Julia Marshall met David Crisp during an earthquake.
Both had been separately invited to a 2011 meeting in Japan by the Japan Aerospace Exploration Agency (JAXA), an hour's train ride away from Tokyo. Julia had bought her first business suit for the occasion, and was standing at the podium, dressed to impress. But as she began her talk, the building started shaking.
“At first, I thought it wasn’t a big deal,” Julia remembers, “because they have earthquakes in Japan all the time. No one else was freaking out, so I thought I’d just keep giving my talk and be professional.”
But the earthquake went on and on. The projector hanging from a ceiling mount was wiggling, the walls started to flex, and her ears were popping. Looking out at the sea of blank faces staring back at her, Julia caught the eye of David Crisp, a fellow carbon scientist she had only just met. “Should I stop?” Julia mouthed at him.
“Yeah, you should stop,” he mouthed back. An orderly retreat under the tables commenced, and when the earthquake finally stopped, everyone evacuated the building. The meeting was adjourned. The grocery stores were soon stripped of supplies, and power and running water were cut at the hotel. And tragically, on the coast, a horrific tsunami generated by the earthquake drowned about 20,000 people. In those circumstances – just two stranded foreigners trying to make it back home – Julia and Dave became fast friends.
It just so happened she had befriended one of the top scientists in her field – "a bigshot from NASA-JPL" as she described him to her anxious family back home, who had been waiting for news of her safety. “I felt special because I got to know him under such uncommon circumstances. But I later found out, Dave has close relationships with so many other people.”
The deep network of collaborators and friends that Dave built spans from Australia to Japan and back to his home base at NASA’s Jet Propulsion Laboratory in Southern California. He’s traveled far and wide. Wherever he goes, he brings with him expert knowledge of how to measure carbon dioxide in Earth’s atmosphere from space.
Dedication and Goodwill
Yasjka Meijer remembers well Dave’s frequent trips to the Netherlands, where they had meetings to support a new carbon-monitoring satellite from Europe’s Copernicus Program. “He’d be coming to our meetings sometimes directly after stepping off the plane following a 10-hour flight. He’d sit next to the coffee machine to stay awake. And he would sometimes doze off for a bit. But as soon as he woke up, he’d make a comment that was right to the point.”
Jetlagged or not, there was a reason Dave was so welcome at satellite advisory meetings like this. Measuring carbon from space is an intensely challenging thing to do. In fact, it wasn’t so long ago that people weren’t even sure if this could be done. But Dave was instrumental in building JPL’s series of Orbiting Carbon Observatory satellites. Because of that experience, Dave says, “I can help other space agencies stay on the right track. I know when the sensors are good enough and not going to get better. I can tell people like Yasjka, ‘Stop here, it’s good enough. You don’t have to make up new physics.’” Sharing knowledge like this between partners helps ensure that no matter what country launches the mission, it will collect high-quality data on levels of carbon in the atmosphere.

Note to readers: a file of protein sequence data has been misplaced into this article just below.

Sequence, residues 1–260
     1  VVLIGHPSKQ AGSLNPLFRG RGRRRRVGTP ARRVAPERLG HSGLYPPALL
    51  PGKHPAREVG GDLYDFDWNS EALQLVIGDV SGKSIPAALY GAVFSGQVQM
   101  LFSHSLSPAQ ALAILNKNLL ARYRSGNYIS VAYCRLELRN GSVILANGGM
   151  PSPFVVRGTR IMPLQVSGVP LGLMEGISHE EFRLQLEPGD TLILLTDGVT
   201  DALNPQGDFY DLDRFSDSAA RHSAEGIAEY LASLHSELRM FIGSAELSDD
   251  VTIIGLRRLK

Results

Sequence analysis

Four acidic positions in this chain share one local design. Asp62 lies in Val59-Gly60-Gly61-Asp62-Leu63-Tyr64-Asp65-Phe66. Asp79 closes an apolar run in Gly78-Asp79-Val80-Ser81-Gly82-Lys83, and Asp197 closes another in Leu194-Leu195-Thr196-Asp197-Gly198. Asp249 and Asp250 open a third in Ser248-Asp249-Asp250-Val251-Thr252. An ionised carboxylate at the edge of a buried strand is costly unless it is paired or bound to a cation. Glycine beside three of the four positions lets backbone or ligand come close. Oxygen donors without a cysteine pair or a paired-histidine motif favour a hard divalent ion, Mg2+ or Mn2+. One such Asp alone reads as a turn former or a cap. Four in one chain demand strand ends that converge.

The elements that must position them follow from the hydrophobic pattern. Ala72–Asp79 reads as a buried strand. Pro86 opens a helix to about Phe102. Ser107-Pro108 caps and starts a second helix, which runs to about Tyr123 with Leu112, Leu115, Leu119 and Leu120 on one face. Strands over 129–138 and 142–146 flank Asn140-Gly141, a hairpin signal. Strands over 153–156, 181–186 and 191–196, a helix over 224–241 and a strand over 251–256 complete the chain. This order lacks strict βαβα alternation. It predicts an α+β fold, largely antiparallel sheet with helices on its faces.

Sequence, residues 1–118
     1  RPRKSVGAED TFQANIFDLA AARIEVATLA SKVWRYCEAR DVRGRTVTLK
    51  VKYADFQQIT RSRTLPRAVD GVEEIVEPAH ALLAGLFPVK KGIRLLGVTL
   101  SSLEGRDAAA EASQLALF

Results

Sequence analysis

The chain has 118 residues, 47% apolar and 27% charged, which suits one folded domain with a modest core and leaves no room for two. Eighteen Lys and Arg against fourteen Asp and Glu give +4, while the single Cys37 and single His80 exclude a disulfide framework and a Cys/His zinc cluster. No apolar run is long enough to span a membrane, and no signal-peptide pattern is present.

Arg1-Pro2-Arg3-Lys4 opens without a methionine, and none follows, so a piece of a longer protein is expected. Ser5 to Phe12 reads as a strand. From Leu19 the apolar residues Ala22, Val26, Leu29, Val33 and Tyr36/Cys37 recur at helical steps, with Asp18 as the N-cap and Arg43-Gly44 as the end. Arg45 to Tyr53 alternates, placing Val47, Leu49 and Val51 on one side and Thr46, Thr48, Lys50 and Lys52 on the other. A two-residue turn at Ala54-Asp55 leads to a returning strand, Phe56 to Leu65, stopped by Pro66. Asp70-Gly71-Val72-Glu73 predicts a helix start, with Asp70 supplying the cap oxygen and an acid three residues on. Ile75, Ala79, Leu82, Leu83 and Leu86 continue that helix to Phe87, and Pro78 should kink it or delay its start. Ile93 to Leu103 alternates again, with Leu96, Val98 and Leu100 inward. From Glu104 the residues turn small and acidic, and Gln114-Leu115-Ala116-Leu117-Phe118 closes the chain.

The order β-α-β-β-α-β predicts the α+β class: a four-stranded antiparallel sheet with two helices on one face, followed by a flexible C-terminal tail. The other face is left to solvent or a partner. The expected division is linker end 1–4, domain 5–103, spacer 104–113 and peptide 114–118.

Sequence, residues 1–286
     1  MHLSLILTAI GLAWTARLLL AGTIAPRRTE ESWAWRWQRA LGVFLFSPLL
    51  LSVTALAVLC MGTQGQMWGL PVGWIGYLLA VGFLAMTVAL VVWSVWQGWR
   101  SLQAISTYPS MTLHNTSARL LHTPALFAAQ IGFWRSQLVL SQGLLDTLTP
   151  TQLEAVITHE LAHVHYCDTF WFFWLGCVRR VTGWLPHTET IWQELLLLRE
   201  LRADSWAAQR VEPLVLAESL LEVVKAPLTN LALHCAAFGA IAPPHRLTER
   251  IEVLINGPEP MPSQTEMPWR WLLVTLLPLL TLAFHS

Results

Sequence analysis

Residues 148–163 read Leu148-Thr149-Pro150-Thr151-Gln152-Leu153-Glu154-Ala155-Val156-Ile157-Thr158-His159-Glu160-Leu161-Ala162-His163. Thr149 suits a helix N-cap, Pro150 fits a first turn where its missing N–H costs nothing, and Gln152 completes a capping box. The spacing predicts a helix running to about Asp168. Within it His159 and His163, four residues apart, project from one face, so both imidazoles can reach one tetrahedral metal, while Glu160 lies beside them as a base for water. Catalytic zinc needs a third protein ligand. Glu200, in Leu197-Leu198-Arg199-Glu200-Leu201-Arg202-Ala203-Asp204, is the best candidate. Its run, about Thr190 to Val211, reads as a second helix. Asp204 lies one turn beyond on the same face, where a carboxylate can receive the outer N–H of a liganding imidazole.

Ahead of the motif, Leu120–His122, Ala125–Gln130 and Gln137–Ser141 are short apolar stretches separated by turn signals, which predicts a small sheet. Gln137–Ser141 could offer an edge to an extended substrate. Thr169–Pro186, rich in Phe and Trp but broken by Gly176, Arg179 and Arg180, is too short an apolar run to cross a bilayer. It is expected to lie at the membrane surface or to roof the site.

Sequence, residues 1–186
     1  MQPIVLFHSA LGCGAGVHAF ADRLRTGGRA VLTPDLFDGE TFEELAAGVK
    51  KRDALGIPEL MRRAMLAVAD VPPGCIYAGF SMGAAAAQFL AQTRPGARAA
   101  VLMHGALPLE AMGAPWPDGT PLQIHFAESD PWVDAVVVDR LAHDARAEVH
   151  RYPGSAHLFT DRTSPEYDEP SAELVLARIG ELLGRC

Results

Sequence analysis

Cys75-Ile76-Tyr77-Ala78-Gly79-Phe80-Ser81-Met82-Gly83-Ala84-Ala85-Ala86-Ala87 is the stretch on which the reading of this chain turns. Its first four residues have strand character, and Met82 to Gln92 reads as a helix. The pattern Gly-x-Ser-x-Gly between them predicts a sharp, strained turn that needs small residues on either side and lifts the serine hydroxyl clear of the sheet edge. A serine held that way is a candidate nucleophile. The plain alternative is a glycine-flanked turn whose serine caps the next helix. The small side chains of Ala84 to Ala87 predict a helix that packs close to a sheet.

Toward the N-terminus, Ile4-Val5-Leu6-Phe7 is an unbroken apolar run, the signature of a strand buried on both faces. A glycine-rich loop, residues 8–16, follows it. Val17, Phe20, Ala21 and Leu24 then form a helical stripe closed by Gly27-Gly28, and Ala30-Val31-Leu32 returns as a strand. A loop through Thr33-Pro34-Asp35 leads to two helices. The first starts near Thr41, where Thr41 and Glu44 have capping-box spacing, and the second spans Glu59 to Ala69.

Atmospheric scientist Akihiko Kuze from JAXA also worked closely with Dave. Under Kuze’s leadership, JAXA was developing their own “GOSAT” series of carbon-monitoring satellites at the same time that JPL was enmeshed with OCO. The two sets of teams supported each other closely, and made frequent visits to the other’s facility.
One memory that Kuze holds especially dear was when JAXA organized a special program for Japanese high-school students in the city of Nara. Nara served as Japan’s capital city over a thousand years ago, and is still dotted with ancient temples. It was in one of these temples that David Crisp regaled his audience as the main speaker of the program. “He was very good with the high school students,” Kuze remembers. “He was very kind, and spoke slowly and clearly in English about Earth observations from space. It was a very impressive lecture, and the next day, the local newspaper mentioned it with praise.”
This was the sort of impression Dave left with most people he met. “He always built goodwill,” Julia says. “So when he asked you to do something, people would say, ‘Okay, I don’t actually have time, but I’ll do it for Dave.’”
Stopping to smell the roses
Now, after so many decades of work in this field, and having built his giant web of contacts, Dave Crisp is going to retire. Over the last few weeks, both his colleagues at JPL and his international contacts like Yasjka have organized pandemic-safe virtual good-bye parties for him. For Julia, it’s not even Dave’s technical expertise that she’ll miss the most. “I’ll miss him,” she says simply. “I’ll miss seeing him. We’ve had great times together.”
When you talk to Dave, though, you get a sense of a person with 50 million more meetings he wants to attend, not someone who’s about to go relax. He acknowledges there’s a part of him still lured by his work. “Maybe what’s left of the kid in me wants to keep going. But I’m not really young enough to do 14- and 16- hour days as I try to support meetings in Japan, Australia, Europe, and the U.S. After a while, you’ve got to realize that things around you are changing and it’s time to take off and smell the roses.”
As for what “smelling the roses” will look like for Dave, it’s an open question. “I literally don’t know,” he says. “I’m putting in a hard stop right after I retire, and then I’ll think about what the heck I want to do with the rest of my life.”